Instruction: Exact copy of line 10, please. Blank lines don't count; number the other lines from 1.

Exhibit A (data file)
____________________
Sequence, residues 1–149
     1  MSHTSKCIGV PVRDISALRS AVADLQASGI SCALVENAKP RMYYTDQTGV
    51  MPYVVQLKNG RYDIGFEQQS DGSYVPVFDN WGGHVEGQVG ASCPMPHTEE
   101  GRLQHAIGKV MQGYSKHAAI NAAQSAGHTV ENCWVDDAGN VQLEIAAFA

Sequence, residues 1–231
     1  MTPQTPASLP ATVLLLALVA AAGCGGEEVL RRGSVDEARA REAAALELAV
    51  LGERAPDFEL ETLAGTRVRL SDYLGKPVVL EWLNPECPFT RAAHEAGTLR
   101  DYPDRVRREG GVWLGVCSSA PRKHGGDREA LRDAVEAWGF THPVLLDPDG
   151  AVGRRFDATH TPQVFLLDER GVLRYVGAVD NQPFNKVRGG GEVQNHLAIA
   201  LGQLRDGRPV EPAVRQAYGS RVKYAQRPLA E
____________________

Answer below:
   201  LGQLRDGRPV EPAVRQAYGS RVKYAQRPLA E